Syed Almas Kabir, President of Bangladesh Association of Software and Information Services (BASIS), shared his views with COLORS Business’ Asad Uz Zaman and Lamyaa Yushra on the challenges of Digital transformation in Bangladesh.
As the country went into lockdown in March last year and working from home became the new normal, one sector saw opportunities. Bangladesh’s Information and Communications Technology (ICT) has found and utilized the pandemic as a blessing in disguise. The government of Bangladesh has declared it as a thrust sector as it represents potential for successful reforms, job creation, industry growth, and high spill-over effects to other sectors as well as for improving governance and facilitating inclusion.
Syed Almas Kabir, BASIS President and Director of Federation of Bangladesh Chamber of Commerce and Industry (FBCCI), is an entrepreneur, ICT industry evangelist, policy advocate, and an angel investor. He went to study Electrical Engineering at Jadavpur University, India, in 1985 and afterward obtained his Master’s degree from New York University, USA. Almas came to Dhaka and started his career as a programmer in 1989 and also became a systems analyst for one and a half years before pursuing his Master’s degree. He worked for a very renowned computer company, Tandy-Radio Shack.
“I chose IT because when I passed my HSC back in 1984, I started learning computer programming. It took my interest, especially in the logic and the algorithms which are required in programming and I was very good at it,” he said. “So, I loved it and I think that encouraged me to choose electrical engineering and then later computers.”
Returning to Bangladesh, Syed Almas Kabir joined Independent University, Bangladesh (IUB) as a senior lecturer where he became the Associate Professor as well as the Registrar and was involved with various administrative roles and worked there for 13 years. “In 2006 I left academia, and I eventually came to the industry.”
He did not come from a family of business background as both his parents were jobholders, and he thinks it helped him to gain an academic perspective considering his mother was a teacher whereas his father worked for a British tea company.
Almas Kabir is a shareholder and Chief Executive Officer of MetroNet Bangladesh Limited, the largest nationwide data-communication company in the country offering Cloud Computing, FinTech, Cyber Security, Intranet, Internet, IP Telephony, software & system integration, and other IT Enabled Services.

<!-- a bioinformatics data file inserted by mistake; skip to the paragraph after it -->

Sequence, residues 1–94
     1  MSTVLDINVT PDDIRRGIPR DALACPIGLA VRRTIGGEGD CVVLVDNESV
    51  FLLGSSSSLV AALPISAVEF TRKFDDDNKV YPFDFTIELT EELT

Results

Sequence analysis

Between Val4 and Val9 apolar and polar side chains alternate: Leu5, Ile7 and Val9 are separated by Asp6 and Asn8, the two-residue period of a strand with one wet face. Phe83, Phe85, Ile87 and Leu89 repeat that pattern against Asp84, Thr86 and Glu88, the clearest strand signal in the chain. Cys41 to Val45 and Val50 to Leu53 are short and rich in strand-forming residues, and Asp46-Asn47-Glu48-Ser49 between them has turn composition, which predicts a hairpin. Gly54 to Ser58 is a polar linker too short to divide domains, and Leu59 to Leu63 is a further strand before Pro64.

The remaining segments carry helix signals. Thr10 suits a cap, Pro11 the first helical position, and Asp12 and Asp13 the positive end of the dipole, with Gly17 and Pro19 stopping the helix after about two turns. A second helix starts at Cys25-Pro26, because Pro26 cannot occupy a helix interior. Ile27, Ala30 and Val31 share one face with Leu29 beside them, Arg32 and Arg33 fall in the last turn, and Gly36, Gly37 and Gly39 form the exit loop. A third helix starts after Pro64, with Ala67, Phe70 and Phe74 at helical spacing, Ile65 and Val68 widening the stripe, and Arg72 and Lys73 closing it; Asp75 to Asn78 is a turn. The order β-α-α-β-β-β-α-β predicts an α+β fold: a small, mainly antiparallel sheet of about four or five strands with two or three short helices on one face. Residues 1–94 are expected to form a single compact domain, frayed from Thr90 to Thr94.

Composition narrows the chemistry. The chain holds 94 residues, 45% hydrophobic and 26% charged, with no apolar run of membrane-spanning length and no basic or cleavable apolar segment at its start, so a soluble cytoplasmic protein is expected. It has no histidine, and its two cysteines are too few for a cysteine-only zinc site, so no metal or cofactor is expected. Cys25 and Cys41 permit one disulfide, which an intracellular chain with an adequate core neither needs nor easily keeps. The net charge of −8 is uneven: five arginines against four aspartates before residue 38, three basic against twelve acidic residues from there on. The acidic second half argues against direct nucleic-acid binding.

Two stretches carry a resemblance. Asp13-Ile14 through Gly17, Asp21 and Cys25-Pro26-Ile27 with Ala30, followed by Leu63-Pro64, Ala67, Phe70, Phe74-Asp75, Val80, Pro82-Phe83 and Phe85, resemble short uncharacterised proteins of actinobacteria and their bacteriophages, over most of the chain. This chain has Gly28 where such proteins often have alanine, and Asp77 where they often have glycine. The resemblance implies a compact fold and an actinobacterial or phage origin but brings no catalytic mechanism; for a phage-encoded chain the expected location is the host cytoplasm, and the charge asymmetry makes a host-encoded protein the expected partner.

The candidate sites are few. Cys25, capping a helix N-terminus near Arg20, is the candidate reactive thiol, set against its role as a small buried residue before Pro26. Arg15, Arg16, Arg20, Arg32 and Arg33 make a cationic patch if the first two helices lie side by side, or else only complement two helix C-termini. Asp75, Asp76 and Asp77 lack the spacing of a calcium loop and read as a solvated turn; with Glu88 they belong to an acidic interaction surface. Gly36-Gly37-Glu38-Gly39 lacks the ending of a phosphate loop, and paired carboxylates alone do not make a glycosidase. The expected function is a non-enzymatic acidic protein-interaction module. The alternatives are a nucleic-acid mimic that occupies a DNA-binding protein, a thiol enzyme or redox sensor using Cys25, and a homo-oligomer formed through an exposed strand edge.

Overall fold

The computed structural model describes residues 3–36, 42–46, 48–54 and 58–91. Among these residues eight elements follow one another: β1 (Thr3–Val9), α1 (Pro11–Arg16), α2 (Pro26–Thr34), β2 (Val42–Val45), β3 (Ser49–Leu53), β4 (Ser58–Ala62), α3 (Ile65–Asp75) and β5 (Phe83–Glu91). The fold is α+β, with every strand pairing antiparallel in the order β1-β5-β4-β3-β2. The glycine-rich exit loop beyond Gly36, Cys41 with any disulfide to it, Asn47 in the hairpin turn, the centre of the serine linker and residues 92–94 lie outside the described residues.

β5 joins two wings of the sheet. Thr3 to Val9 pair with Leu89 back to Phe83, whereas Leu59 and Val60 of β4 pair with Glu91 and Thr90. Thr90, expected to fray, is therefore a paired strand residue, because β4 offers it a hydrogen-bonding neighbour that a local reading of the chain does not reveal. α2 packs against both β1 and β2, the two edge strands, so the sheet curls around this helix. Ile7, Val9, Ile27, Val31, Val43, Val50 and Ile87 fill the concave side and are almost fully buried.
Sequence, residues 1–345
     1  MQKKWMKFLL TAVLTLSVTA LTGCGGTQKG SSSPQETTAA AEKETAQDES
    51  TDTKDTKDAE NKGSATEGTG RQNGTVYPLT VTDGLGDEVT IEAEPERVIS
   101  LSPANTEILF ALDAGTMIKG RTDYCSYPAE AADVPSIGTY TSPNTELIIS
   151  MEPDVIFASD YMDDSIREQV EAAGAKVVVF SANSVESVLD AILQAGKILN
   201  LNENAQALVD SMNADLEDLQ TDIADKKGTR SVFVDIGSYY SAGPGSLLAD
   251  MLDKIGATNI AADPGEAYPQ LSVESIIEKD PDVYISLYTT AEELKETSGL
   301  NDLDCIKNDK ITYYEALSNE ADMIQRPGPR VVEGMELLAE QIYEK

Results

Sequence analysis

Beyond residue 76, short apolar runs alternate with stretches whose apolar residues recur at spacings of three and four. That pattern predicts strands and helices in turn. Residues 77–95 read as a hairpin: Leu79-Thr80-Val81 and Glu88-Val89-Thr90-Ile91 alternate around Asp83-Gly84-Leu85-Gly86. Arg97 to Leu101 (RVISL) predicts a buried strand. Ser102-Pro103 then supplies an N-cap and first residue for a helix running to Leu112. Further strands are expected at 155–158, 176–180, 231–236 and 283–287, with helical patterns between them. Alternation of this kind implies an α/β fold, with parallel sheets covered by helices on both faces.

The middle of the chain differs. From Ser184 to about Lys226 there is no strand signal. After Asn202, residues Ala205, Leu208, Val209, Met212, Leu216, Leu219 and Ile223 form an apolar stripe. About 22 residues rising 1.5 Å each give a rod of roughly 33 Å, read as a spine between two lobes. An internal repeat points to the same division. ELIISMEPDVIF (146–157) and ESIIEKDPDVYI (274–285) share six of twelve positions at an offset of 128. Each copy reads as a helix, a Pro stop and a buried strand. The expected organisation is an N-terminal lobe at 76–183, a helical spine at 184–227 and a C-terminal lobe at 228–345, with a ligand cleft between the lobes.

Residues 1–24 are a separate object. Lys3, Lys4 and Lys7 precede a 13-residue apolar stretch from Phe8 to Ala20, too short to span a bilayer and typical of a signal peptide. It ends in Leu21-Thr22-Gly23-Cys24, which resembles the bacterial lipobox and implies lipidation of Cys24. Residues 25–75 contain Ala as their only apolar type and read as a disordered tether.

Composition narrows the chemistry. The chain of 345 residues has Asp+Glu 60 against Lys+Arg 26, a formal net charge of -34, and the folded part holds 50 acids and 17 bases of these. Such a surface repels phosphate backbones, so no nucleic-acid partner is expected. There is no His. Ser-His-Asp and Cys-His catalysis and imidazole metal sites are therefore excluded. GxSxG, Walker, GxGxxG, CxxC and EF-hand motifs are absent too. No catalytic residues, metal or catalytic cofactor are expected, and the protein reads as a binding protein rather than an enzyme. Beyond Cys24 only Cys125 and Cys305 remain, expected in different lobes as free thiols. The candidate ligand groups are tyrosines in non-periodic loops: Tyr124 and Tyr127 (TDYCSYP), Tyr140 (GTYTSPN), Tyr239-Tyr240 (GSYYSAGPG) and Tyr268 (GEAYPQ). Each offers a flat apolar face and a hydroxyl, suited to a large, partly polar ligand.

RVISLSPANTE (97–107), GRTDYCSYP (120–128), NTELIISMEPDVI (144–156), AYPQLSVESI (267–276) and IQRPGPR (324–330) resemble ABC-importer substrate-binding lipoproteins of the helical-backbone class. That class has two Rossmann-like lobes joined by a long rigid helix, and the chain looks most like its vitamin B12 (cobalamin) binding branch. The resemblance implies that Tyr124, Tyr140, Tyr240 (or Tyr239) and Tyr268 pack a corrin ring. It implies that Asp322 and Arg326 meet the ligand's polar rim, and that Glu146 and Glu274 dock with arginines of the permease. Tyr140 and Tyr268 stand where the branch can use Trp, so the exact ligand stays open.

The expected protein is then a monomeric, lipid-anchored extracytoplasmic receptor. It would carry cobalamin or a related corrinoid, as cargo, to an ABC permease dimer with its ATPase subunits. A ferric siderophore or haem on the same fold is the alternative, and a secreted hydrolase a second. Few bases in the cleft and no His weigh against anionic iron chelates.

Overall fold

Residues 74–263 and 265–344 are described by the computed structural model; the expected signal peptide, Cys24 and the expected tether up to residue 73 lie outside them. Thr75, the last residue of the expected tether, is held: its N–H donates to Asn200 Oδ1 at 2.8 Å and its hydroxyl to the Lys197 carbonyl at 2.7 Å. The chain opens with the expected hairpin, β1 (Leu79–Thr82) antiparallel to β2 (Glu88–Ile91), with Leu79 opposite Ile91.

Being a first-hand witness to the rapid growth of this sector, he observed: “When this government first came to power in 1996, they made the computers and accessories duty-free which helped a tremendous growth and popularity of computerization everywhere. So, that was the start. Later, on December 12, 2008, the Awami League declared their election manifesto with the theme and vision of ‘Digital Bangladesh’. That gave this industry a very big push. It is definitely a gamechanger and if you notice, in the last 12 years, I’d say there has been a paradigm shift.”
The concept of ‘Digital Bangladesh’ has more to it than its literal meaning. “We sometimes do not understand what ‘Digital Bangladesh’ really means. What it really is: it will be a country where the citizens will enjoy the services very easily and transparently and more importantly a citizen does not have to go to the government for services, but the government will bring the services to the citizen’s hand wherever that citizen is. Wherever I am, I need not have to go to the government office in the district headquarters. Even if I am in the suburbs, I can access that service and get that service through my computer or through my mobile phone. So, this is what I understand as the main idea about ‘Digital Bangladesh’. The spirit of ‘Digital Bangladesh’ is to ensure democratic rights of a citizen, ensuring transparency, of course, making everything more efficient and less time-consuming.”
He added, “We have come a long way and the government has identified about more than 2500 citizen services which will be eventually transformed into online services. Some 400-500 services have already been made available online, but then there are some more that have to be online. The work is going on and we are on the right path.”